WASHINGTON, D.C. – Following a recent investigation from USA Today on the Department of Veterans Affairs (VA) hiring and retaining medical providers who are unfit or not legally authorize to serve, Congressman Rutherford led a bipartisan congressional letter to Secretary Shulkin requesting information on how the Department oversees and hires its health professionals. Current law prohibits the VA from hiring providers who have had their license revoked in any state to ensure quality care for veterans, yet reports show professional standards boards clearing the hiring doctors with histories of malpractice and sexual misconduct.
The USA Today article includes the following excerpt: “Neurosurgeon John Henry Schneider racked up more than a dozen malpractice claims and settlements in two states, including cases alleging he made surgical mistakes that left patients maimed, paralyzed or dead. He was accused of costing one patient bladder and bowel control after placing spinal screws incorrectly, he allegedly left another paralyzed from the waist down after placing a device improperly in his spinal canal. The state of Wyoming revoked his medical license after another surgical patient died. Schneider then applied for a job earlier this year at the Department of Veterans Affairs hospital in Iowa City, Iowa. He was forthright in his application about the license revocation and other malpractice troubles. But the VA hired him anyway.”
Further, the Government Accountability Office (GAO) published a report this month showing that the VA failed to report 90 percent of problematic providers to their national database designed to prevent doctors found guilty of malpractice from crossing state lines.
Congressman John Rutherford said, “I am appalled that the VA has hired felons, sexual predators, and medical providers with revoked licensures. Not only does this malfeasance put our veterans in serious medical danger, but this astonishing mismanagement of the vetting process subjects veterans to pain and harm that is completely unacceptable. While I recognize that the VA is taking action to remove these unfit providers from the system, they must do more to prevent this illegal activity from ever occurring again. Most VA employees share our commitment to ensuring our nation’s veterans receive the highest quality care possible, and we must work with them to remove all bad actors so the VA can fulfill its critically important mission of faithfully serving our nation’s heroes.”
Rutherford is one of 30 signatories on the bipartisan letter including, Jack Bergman, Mark Meadows, Barbara Comstock, Madeleine Bordallo, Walter Jones, Ralph Norman, Ann McLane Kuster, Doug Collins, Tom O’Halleran, Beto O’Rourke, Mimi Walters, Mike Bost, Mike Johnson, Darrell Issa, Thomas Rooney, Jim Banks, Doug LaMalfa, Kevin Yoder, David Valadao, Roger Marshall, Ted Yoho, Andy Biggs, Neal Dunn, Steve King, Daniel Donovan, Jr., Charlie Crist, Peter DeFazio, Steve Pearce Ron DeSantis. The full text of the letter can be found below:
December 18, 2017
The Honorable David J. Shulkin, M.D.
U. S. Department of Veterans Affairs
810 Vermont Avenue, NW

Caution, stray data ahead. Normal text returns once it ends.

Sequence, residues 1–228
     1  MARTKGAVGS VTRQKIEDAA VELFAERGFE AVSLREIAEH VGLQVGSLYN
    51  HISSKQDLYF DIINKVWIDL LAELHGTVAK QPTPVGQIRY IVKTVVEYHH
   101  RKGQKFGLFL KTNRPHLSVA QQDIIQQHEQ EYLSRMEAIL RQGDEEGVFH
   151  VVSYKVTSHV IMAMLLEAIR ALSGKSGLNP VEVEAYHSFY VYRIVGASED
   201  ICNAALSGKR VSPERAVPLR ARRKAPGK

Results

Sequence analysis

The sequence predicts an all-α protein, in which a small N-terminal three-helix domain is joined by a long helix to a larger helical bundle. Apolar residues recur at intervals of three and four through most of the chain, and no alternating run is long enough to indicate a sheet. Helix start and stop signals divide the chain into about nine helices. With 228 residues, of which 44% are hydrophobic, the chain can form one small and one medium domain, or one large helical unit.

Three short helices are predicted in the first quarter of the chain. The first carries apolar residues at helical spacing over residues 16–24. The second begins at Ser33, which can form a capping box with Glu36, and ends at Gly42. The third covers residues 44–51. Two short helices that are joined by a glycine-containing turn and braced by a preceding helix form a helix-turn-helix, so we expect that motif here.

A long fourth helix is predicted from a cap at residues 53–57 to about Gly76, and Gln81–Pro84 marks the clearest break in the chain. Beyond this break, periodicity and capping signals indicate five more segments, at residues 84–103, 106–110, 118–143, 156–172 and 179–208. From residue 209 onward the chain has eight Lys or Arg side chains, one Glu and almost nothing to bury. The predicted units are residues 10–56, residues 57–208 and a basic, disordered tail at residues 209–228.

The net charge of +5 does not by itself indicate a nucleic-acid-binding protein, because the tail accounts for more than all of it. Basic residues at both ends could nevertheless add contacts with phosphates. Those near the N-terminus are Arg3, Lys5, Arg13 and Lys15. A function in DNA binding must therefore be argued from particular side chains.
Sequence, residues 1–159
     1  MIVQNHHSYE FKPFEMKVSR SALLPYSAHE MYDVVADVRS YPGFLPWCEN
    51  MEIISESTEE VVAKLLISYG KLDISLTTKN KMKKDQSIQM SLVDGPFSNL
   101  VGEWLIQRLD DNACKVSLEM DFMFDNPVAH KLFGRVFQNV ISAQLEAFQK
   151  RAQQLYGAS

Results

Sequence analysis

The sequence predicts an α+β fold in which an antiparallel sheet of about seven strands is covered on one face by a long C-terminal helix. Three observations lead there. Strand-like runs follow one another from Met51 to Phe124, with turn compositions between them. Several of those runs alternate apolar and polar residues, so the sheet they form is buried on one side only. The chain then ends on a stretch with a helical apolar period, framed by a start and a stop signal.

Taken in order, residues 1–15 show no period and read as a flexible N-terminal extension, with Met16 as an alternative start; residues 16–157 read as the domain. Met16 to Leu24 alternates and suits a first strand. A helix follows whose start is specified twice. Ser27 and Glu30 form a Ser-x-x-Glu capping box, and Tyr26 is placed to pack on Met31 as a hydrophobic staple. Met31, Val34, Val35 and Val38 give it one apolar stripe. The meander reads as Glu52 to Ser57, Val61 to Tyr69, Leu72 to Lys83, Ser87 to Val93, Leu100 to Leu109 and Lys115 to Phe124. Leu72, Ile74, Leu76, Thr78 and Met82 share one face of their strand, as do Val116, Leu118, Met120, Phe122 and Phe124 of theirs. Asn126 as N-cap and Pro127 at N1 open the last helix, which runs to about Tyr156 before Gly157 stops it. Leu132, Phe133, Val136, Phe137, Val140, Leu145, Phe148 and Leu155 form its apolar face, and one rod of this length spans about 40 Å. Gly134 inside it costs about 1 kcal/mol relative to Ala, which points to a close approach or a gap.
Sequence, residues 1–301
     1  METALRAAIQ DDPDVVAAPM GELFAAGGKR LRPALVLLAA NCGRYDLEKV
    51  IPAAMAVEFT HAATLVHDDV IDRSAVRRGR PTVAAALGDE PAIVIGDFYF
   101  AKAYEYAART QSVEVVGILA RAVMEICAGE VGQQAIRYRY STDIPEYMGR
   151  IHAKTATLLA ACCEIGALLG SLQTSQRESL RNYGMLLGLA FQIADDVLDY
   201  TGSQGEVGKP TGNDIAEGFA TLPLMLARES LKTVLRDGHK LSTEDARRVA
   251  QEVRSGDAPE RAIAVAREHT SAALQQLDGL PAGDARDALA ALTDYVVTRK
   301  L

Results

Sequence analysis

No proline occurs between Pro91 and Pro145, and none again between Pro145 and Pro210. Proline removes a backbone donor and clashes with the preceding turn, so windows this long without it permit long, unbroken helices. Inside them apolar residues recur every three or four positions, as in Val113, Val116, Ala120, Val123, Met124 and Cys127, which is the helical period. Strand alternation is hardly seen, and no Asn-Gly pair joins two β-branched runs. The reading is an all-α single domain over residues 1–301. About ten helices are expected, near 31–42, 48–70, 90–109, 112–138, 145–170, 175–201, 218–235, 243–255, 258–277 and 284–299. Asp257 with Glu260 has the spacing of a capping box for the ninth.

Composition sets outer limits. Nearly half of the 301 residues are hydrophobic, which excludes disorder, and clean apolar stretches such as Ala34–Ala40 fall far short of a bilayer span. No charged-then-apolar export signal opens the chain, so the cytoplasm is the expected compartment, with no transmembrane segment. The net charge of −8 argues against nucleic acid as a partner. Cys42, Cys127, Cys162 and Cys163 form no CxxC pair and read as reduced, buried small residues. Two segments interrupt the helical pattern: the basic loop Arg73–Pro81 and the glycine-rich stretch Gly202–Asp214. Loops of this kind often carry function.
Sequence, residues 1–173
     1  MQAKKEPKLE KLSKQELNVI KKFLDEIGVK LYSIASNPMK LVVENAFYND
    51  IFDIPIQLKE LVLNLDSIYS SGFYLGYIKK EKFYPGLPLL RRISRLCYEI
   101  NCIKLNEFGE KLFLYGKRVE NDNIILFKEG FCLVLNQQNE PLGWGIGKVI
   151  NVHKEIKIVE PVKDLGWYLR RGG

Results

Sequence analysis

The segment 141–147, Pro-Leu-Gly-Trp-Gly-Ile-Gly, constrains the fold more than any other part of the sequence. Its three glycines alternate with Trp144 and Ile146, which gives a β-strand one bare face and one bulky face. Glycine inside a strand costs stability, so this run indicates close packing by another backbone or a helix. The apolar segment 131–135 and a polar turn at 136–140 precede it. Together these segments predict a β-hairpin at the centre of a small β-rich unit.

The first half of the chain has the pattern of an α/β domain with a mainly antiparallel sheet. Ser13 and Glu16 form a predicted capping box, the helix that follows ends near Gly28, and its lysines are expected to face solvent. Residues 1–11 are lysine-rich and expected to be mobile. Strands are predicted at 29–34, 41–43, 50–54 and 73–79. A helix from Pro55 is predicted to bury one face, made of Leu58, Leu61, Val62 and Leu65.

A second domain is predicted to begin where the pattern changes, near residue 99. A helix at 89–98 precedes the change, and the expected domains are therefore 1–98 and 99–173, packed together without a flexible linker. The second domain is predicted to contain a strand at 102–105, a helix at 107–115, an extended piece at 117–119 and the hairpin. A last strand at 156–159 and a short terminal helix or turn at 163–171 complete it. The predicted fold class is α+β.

Washington, D.C. 20420
Dear Secretary Shulkin:
We write today to express extreme concern regarding recent reports that the VA has hired medical providers, including surgeons, who have histories of malpractice and disciplinary actions taken against them. These reports include the hiring of providers who have previously lost their medical licenses, providers who have a history of sexual misconduct, and providers who have a record of disciplinary actions that would preclude them from employment in the private sector.
We recognize and share your commitment to ensuring that our nation’s veterans receive the highest quality care from the best providers possible. Therefore, recent reports of these bad hires, along with the recent Government Accountability Office report that found VA failed to conduct appropriate reviews and report doctors who received adverse privileging actions to state medical boards and other databases, are of great concern to us as we conduct oversight of the Department.
The hiring of doctors who have had their medical licenses revoked in any state is already prohibited, and clinical hires must be cleared through professional standards boards. However, it appears the laws and regulations establishing that prohibition are not being followed by VA medical facilities.
As you are aware, the President signed the Department of Veterans Affairs Accountability and Whistleblower Protection Act into law in June. This was a result of Congress’s and the American people’s outrage at the lack of appropriate disciplinary action within the VA. We are encouraged by your exercise of these new authorities; however, these recent reports lead us to question if further action by Congress may be necessary.
In order to help us learn more about the VA’s response to these reports, we request the following:
· Actions taken to terminate the employment of those listed in recent reports who should not have been hired by the VA;
· Actions taken to discipline the professional standards boards who cleared the hiring of those providers with histories of misconduct and malpractice;
· Any Department-wide guidance on how medical facilities review and conduct their hiring processes to prevent current hiring laws from being broken;
· Actions taken to identify other current providers within the VA who have had disciplinary actions taken against them.
We thank you in advance for your prompt response to our concerns. We appreciate your dedication to our veterans and look forward to working together to ensure they receive the highest quality medical care available. Please contact us with any further questions.